3 This article will be published as a chapter in The New York University 55 th Institute on Federal Taxation - Employee Benefits and Executive Compensation. Copyright 2003, by New York University. All rights reserved. The article is reprinted here with the permission of the publisher, Matthew Bender & Co., Inc., Newark, N.J.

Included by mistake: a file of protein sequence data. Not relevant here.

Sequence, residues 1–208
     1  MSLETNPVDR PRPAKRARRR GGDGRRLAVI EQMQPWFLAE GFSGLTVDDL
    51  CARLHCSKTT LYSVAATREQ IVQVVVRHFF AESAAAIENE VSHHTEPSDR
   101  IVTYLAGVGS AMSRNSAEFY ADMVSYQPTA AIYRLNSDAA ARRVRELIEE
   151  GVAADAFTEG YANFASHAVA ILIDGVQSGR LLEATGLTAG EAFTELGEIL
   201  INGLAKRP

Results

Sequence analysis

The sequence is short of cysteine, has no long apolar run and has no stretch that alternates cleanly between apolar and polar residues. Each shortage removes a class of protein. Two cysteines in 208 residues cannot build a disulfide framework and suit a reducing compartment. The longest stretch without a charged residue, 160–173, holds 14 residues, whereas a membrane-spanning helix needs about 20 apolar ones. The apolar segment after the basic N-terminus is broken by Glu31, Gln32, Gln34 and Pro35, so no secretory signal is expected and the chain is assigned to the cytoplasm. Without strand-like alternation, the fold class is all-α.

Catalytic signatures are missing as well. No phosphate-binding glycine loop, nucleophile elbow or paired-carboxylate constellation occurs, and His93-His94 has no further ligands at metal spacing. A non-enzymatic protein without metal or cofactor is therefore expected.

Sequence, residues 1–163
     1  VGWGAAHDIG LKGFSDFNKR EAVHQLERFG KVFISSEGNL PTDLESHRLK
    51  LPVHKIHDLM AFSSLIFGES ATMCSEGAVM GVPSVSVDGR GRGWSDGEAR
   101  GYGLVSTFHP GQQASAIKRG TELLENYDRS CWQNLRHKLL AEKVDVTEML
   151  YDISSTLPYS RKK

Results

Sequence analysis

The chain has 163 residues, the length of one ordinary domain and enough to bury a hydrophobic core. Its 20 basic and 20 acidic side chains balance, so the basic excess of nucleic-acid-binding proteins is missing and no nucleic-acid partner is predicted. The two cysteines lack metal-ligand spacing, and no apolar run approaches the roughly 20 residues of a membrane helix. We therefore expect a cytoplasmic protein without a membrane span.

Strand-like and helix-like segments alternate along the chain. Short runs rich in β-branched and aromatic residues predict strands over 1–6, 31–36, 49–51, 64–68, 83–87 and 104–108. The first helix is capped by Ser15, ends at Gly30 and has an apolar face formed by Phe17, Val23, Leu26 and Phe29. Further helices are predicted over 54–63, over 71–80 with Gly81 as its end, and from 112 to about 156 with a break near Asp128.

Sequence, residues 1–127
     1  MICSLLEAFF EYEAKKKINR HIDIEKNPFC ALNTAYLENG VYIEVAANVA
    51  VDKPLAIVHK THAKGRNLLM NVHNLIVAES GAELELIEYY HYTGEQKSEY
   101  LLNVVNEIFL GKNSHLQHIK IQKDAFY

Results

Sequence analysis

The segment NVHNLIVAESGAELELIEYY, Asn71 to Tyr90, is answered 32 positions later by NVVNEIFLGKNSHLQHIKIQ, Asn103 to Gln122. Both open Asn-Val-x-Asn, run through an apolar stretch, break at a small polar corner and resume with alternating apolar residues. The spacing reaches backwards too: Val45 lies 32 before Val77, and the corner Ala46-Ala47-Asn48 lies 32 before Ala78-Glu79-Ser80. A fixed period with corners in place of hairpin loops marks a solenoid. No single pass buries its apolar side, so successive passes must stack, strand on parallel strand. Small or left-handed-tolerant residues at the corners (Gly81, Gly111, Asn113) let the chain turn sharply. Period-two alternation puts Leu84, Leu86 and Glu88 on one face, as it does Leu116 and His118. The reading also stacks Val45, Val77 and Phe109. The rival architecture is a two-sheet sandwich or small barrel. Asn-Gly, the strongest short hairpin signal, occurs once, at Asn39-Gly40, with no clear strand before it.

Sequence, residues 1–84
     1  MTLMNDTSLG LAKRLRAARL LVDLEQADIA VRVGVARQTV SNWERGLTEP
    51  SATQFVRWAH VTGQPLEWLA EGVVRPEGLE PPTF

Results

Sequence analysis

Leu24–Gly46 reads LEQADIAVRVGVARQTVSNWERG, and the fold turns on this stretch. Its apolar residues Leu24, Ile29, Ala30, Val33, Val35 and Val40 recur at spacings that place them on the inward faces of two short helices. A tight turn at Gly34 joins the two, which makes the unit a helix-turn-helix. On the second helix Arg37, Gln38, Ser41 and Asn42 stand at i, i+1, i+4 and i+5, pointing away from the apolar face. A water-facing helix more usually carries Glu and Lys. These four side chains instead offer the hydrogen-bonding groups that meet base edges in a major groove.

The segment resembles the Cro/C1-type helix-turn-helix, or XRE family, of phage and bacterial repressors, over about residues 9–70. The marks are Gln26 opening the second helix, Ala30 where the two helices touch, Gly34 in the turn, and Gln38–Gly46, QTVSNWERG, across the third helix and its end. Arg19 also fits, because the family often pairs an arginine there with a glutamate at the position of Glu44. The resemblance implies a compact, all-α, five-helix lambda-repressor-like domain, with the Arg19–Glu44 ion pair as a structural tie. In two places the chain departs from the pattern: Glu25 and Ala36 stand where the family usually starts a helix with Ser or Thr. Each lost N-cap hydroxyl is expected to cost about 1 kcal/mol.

4 SYNOPSIS 1.01 Introduction 1.02 Unique Characteristics of Tax Exempts [1] Generous Benefits [2] Recruitment and Retention of Employees [3] Top-Heavy Rules Generally Do Not Apply [4] Unique Plans Available Only to Tax Exempts [a] 457(b) and 457(f) Plans [b] 403(b) Plans (b) Tax Sheltered Annuities [1] Cash or Deferred Contributions [a] Elective Deferrals [b] Special 403(b) and Catch-Up Contributions [c] Age 50 Catch-Up Contributions [d] Total Annual Additions [e] Discrimination Requirements [f] Elective Deferrals [g] Contributions Other Than Elective Deferrals [h] Distributions [i] Restrictions on Withdrawals (k) Plan Designs for Tax Exempt Organizations [1] 401(k) Plans [a] 401(k) Safe Harbor Plan Design [i] Basic Matching Formula [ii] Enhanced Matching Formula [b] Designing 401(k) Plans to Achieve Maximum Employee Appreciation [c] Additional Matches for Particular Groups of Employees [d] Combining a Cross-tested Profit Sharing Allocation with a 401(k) Plan Design [e] Investment Choices 1.05 Comparison of 401(k) Plans and 403(b) Annuities [1] Advantages of 401(k) Plan [a] Coverage Requirements for Elective Deferrals [b] More Flexible Investment Options [c] Protection in Bankruptcy Proceedings [d] Calculating Disqualifying Contributions [e] Anti-Conditioning Rules [f] Administrative Control [2] Advantages of 403(b) Plan [a] Ability to Avoid ERISA Requirements